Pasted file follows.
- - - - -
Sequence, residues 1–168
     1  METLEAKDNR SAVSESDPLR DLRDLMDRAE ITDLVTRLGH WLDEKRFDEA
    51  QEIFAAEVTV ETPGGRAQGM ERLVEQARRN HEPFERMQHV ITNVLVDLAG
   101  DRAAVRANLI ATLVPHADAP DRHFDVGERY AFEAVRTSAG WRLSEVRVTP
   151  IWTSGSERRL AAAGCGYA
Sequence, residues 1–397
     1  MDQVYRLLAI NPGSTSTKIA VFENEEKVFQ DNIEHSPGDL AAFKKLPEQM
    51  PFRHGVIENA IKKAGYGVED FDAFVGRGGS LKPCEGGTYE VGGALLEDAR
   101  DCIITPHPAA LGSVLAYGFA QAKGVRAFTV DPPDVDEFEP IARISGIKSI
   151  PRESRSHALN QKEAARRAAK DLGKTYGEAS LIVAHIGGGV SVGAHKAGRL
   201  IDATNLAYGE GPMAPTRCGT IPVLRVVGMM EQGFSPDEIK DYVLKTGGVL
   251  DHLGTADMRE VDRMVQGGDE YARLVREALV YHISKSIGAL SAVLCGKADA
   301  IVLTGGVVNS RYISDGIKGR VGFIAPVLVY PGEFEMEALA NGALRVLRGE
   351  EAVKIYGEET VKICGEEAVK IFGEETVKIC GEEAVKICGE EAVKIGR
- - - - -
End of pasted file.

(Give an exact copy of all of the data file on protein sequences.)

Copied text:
Sequence, residues 1–168
     1  METLEAKDNR SAVSESDPLR DLRDLMDRAE ITDLVTRLGH WLDEKRFDEA
    51  QEIFAAEVTV ETPGGRAQGM ERLVEQARRN HEPFERMQHV ITNVLVDLAG
   101  DRAAVRANLI ATLVPHADAP DRHFDVGERY AFEAVRTSAG WRLSEVRVTP
   151  IWTSGSERRL AAAGCGYA
Sequence, residues 1–397
     1  MDQVYRLLAI NPGSTSTKIA VFENEEKVFQ DNIEHSPGDL AAFKKLPEQM
    51  PFRHGVIENA IKKAGYGVED FDAFVGRGGS LKPCEGGTYE VGGALLEDAR
   101  DCIITPHPAA LGSVLAYGFA QAKGVRAFTV DPPDVDEFEP IARISGIKSI
   151  PRESRSHALN QKEAARRAAK DLGKTYGEAS LIVAHIGGGV SVGAHKAGRL
   201  IDATNLAYGE GPMAPTRCGT IPVLRVVGMM EQGFSPDEIK DYVLKTGGVL
   251  DHLGTADMRE VDRMVQGGDE YARLVREALV YHISKSIGAL SAVLCGKADA
   301  IVLTGGVVNS RYISDGIKGR VGFIAPVLVY PGEFEMEALA NGALRVLRGE
   351  EAVKIYGEET VKICGEEAVK IFGEETVKIC GEEAVKICGE EAVKIGR